Fantasy Football Player Profile 2024: Detroit Lions WR Amon-Ra St. Brown

Amon-Ra St. Brown reached new heights in 2023: The Detroit Lions stopped taking St. Brown off the field so much, but that didn’t hinder his efficiency, as he finished as WR3.

• The Lions offense is the main limiting factor: Jared Goff rarely throws deep, and the Lions have no problem running the ball early and often, which is why St. Brown isn’t in the conversation of the overall WR1.

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Estimated reading time: 4 minutes

The PFF player profile series gives the most in-depth view of a player possible. The profiles use the best data points at PFF’s disposal to examine how well the player has performed, what competition the player has for touches and how other teammates and coaches will impact each player's performance.

Last updated: 7:15 a.m. Thursday, July 11

Player Performance

In 2022, St. Brown posted excellent numbers in every statistic aside from routes run per game, but the Lions fixed that in 2023 by keeping him on the field more often. This led to more routes per game and more production in general. He was also targeted in the red zone more frequently, a significant reason why he recorded double-digit touchdowns for the first time. 

The third-year receiver has been pretty great at almost everything. He’s averaged nearly 3.0 yards per route run when lined up out wide, but it’s worth noting he mostly does that in two-receiver sets and is being compared to receivers who line up wide all the time. Outside of that, he ranks in the 85th to 95th percentile in most situations.

While there is always room for improvement, it’s clear St. Brown is one of the top wide receivers in the NFL. He joined CeeDee Lamb and Tyreek Hill on the AP All-Pro first team and will hopefully continue getting the respect he deserves.

Competition for Touches

St. Brown’s role in the Lions offense hasn’t changed since joining the team. He lines up at the Z position in two-receiver sets and moves to the slot in three-receiver sets. His target share has been elite, partially due to a lack of competition for targets from other wide receivers.

Since joining the Lions, Kalif Raymond has seen the second-most targets among Lions wide receivers, and he’s primarily been a backup.

The Lions' wide receiver room looks similar to last year, except they didn’t re-sign WR2 Josh Reynolds or WR5 Marvin Jones Jr. This means players such as Jameson Williams will need to step up.

St. Brown's biggest competition for targets comes from second-year players Sam LaPorta and Jahmyr Gibbs. It’s at least possible that St. Brown will have a lower target share this year despite the lack of wide receiver competition if LaPorta and Gibbs can take a larger part of the offense. Still, even if he does lose some target share, it shouldn’t be too significant.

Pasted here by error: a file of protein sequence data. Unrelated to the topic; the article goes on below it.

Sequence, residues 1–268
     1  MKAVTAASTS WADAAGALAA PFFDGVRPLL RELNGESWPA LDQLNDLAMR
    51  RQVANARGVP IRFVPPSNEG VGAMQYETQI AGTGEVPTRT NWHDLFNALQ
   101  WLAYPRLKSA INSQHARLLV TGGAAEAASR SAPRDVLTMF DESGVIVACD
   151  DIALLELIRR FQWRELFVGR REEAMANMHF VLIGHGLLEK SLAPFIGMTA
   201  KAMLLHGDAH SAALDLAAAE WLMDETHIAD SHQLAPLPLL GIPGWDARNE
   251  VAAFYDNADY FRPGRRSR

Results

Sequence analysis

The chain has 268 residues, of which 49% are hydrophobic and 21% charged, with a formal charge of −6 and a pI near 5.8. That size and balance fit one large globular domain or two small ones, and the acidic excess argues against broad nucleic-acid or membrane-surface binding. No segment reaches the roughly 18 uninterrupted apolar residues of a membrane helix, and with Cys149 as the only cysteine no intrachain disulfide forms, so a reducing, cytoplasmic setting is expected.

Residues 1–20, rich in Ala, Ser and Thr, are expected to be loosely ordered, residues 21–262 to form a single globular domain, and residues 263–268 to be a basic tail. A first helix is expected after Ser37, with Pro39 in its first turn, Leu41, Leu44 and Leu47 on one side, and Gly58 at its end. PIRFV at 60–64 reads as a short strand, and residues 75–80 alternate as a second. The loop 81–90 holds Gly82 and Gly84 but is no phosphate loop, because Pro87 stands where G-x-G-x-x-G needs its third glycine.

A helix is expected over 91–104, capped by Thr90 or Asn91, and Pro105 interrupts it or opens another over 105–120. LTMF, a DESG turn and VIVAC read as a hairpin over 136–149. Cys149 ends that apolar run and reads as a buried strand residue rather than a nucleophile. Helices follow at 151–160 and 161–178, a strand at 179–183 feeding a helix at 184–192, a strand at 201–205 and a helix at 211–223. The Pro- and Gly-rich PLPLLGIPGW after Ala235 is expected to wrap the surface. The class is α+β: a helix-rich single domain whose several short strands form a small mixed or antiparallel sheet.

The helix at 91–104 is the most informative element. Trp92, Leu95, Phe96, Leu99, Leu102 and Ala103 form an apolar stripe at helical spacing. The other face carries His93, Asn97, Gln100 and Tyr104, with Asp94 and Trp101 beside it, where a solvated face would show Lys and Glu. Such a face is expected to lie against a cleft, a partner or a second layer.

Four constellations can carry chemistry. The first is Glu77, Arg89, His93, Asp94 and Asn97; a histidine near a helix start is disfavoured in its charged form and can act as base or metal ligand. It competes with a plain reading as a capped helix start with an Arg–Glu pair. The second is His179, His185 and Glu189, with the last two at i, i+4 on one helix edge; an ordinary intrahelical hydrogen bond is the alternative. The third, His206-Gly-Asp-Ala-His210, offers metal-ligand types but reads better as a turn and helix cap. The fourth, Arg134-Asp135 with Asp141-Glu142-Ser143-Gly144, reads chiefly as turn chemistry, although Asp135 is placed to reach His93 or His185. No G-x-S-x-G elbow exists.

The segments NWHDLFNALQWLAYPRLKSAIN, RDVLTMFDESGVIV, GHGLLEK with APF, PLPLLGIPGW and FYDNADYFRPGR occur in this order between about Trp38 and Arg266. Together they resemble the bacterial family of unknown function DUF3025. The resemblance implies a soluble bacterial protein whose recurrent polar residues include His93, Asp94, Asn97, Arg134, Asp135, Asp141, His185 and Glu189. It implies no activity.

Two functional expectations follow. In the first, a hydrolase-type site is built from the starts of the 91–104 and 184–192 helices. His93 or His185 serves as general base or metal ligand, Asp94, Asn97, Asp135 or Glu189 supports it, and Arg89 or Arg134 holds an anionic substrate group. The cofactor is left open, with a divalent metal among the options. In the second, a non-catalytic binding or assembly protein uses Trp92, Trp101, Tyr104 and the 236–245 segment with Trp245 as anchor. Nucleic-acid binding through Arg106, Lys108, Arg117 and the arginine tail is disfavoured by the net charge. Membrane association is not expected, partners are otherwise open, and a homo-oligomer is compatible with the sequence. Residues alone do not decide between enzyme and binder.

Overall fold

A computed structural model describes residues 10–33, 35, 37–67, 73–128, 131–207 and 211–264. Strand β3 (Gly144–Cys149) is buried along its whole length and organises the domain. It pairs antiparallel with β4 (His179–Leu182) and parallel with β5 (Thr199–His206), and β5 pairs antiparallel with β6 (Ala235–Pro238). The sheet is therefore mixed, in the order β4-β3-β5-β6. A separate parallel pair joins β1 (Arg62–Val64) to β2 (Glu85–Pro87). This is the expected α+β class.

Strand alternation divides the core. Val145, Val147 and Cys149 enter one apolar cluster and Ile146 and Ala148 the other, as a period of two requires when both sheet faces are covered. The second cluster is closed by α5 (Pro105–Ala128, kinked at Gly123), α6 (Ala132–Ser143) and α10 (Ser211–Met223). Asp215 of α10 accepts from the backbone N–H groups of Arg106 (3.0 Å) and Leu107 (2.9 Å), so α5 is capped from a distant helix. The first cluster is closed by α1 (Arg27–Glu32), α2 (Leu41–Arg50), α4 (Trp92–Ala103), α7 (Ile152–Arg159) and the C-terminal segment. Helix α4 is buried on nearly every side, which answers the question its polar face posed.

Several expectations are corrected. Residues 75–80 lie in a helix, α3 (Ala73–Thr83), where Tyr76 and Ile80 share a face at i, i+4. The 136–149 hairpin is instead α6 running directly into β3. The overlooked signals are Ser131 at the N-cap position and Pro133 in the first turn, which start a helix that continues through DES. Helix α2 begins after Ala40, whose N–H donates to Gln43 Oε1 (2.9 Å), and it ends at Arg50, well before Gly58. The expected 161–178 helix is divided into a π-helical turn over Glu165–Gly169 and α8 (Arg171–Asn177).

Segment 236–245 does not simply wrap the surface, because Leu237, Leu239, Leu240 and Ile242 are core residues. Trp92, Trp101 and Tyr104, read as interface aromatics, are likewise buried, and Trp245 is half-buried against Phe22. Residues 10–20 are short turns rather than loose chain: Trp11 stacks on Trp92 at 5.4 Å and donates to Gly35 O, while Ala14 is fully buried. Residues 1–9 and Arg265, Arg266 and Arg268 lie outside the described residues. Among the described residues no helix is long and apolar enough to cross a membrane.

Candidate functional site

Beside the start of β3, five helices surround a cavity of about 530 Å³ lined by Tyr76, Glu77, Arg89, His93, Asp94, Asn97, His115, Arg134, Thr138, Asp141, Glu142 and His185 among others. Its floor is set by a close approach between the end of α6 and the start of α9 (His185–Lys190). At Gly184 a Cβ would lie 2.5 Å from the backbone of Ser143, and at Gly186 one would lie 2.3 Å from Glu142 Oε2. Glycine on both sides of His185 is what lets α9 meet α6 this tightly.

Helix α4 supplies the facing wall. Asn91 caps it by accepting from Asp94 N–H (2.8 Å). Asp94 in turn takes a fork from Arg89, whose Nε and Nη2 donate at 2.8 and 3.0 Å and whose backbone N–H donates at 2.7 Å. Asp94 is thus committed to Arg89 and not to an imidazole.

Impact of Teammates

The Lions offense both benefits and hurts St. Brown’s fantasy value. For one, head coach Dan Campbell and offensive coordinator Ben Johnson have no problem running the ball, as they’ve run at an above-average rate in each of the last three seasons.

Jared Goff’s low deep-target rate is one of the biggest limiting factors on St. Brown’s receiving production and why he’s the consensus fifth wide receiver and not higher. The four receivers ahead of St. Brown in ADP average 2.6 yards per route run on go routes and are all within the 85th to 100th percentile in that metric. St. Brown still runs go routes on a significant number of plays, but he doesn’t get targeted as much on those routes.

On the flip side, St. Brown benefits from being on one of the best offenses in the NFL. Goff’s high accuracy on his passes helps St. Brown be in a position to gain yards after the catch, and the more the Lions reach the red zone, the more opportunities St. Brown has to score.

Bottom Line

St. Brown deserves to get picked in the top half of the first round of PPR drafts. The Lions' run-first offense and Jared Goff’s aversion to deep passes might prevent St. Brown from being in the overall WR1 conversation, but an argument can be made that the Lions receiver is the safest pick in fantasy drafts this year.


    • The statistics for the tables and charts were generally chosen based on their ability to predict future fantasy performance (on either a per-game or per-occasion basis) or on their ability to describe the player relative to others at the same position.
    • Opportunities for this purpose are defined by passing dropbacks, rushing attempts and routes run as a receiver.
    • Numbers are either by season or based on the last three years. For rookies, only college numbers are included. Only NFL numbers are included for non-rookies, even if they played in college in the last three years.
    • Because college competition is relatively easier than NFL competition, most rookies will likely see a decline in their numbers compared to their previous numbers.
    • The colors for all tables in this article range from blue (good or high) to red (bad or low).
    • All percentiles or colors compare the given player to other players with a high sample of opportunities. Generally, it’s one-third of the possible opportunities given the sample. If the player in question doesn’t have enough opportunities, they are still compared, even though a player could look good or bad on that small sample size, which might not be as predictive.

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